* How can our readers find out more information about you?
    You can go to my personal myspace page that I personally update at  . Email:
For details about the Hiphop & Books tour, visit

Big G of Miami, Florida

Shadow Play Entertainment is pleased to welcome Miami, Florida rapper/producer Big G to the Hiphop and Books Coalition.

At the age of 18 he is already making his mark in the music industry, having been involved in the business for over three years of his life.

When asked why he thinks music lovers should remember the importance of reading, he responds by saying "Because in order to live a great life and work and have an education you need to read and stay in school. Also people who write music like I do need to read to learn words that way we can use them in our music and better express ourselves. Reading is a big part of my life".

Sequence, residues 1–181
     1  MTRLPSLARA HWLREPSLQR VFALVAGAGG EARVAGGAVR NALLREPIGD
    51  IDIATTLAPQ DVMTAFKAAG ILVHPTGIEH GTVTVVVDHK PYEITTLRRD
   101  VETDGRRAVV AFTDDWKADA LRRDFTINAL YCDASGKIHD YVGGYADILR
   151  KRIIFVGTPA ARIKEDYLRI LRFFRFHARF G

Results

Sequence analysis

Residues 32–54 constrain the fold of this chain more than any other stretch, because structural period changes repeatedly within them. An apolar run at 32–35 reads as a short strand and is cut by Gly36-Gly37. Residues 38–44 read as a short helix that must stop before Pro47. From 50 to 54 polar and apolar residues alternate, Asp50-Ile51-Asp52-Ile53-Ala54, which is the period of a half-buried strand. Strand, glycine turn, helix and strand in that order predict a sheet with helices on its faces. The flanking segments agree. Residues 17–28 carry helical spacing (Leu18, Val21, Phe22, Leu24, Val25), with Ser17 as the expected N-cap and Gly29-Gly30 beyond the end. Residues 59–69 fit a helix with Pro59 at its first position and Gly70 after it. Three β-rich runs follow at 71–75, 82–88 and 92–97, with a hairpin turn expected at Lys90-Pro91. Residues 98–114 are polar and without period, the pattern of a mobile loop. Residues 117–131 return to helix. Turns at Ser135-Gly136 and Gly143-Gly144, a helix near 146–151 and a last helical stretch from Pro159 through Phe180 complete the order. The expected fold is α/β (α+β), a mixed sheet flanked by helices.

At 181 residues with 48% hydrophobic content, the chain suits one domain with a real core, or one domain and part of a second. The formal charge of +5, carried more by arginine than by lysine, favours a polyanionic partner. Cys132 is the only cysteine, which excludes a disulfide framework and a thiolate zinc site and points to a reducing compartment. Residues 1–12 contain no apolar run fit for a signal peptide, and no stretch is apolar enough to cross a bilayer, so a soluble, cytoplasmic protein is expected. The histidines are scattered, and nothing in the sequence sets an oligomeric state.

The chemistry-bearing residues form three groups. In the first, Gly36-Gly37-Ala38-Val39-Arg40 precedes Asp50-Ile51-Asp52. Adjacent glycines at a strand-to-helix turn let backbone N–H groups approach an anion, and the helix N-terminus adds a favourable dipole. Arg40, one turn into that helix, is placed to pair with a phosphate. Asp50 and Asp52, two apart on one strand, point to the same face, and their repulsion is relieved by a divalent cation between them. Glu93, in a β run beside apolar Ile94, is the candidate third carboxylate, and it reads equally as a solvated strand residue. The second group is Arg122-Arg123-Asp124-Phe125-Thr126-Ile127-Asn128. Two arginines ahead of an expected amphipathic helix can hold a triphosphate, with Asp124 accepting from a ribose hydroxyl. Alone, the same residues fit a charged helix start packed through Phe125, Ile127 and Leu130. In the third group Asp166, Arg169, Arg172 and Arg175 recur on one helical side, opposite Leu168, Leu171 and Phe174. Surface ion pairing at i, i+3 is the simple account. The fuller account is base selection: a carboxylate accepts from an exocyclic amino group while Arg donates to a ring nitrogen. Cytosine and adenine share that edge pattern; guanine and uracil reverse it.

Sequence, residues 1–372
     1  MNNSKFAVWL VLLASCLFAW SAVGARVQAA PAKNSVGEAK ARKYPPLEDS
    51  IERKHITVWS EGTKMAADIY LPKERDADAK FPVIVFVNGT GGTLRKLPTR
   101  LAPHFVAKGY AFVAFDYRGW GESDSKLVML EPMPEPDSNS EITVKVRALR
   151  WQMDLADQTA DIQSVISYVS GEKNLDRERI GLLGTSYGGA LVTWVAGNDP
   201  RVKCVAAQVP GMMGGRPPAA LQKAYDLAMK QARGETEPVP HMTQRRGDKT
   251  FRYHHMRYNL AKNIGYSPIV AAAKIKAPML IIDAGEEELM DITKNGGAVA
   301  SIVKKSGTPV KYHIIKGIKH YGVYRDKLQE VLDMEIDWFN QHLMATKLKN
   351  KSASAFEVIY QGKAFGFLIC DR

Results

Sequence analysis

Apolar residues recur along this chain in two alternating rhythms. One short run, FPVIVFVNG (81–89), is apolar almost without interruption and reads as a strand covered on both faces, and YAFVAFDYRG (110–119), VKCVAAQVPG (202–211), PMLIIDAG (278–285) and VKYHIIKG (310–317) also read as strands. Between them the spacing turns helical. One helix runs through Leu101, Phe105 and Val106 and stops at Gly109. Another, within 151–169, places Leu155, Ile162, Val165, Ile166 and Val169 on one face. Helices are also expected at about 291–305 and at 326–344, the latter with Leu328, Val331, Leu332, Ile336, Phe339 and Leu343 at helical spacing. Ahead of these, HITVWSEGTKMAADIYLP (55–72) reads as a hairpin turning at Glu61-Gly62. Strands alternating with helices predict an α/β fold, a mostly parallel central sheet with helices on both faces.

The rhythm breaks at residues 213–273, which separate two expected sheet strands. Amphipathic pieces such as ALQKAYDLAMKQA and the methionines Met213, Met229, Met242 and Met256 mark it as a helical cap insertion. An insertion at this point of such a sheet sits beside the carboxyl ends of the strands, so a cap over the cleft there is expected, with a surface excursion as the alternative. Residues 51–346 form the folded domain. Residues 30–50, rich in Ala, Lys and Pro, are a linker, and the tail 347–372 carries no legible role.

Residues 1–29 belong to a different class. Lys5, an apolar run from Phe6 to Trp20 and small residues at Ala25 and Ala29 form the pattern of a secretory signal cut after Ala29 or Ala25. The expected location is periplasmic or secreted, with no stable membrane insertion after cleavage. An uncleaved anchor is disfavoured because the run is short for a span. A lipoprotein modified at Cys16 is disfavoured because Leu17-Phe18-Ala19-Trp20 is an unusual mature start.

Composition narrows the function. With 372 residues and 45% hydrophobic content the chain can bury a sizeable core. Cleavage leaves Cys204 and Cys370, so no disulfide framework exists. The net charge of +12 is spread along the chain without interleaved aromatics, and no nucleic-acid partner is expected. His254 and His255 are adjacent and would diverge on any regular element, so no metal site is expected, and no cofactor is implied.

Big G believes that the entertainment industry can do to help encourage reading and staying in school by starting and promoting more projects like Hiphop and Books. He also believes the media can do much to promote more positive opportunities for kids.

So out of all the organizations he could allign himself with, why Hiphop and Books? Big G answers this way: "Hiphop and Books can take out the negative side and stop all the negative views on music nowadays and show a more positive side to the media. We should take away all the talks about hoes, drugs and alcohol and change it to picking up a book reading and going to school. It can help lower drop out rates alot because kids are influenced by what they hear and see in songs and videos, so if they hear songs about reading books and getting an education to make good money then they would want to do just that, so this project and more positive projects are a great thing for the entertainment industry and the world."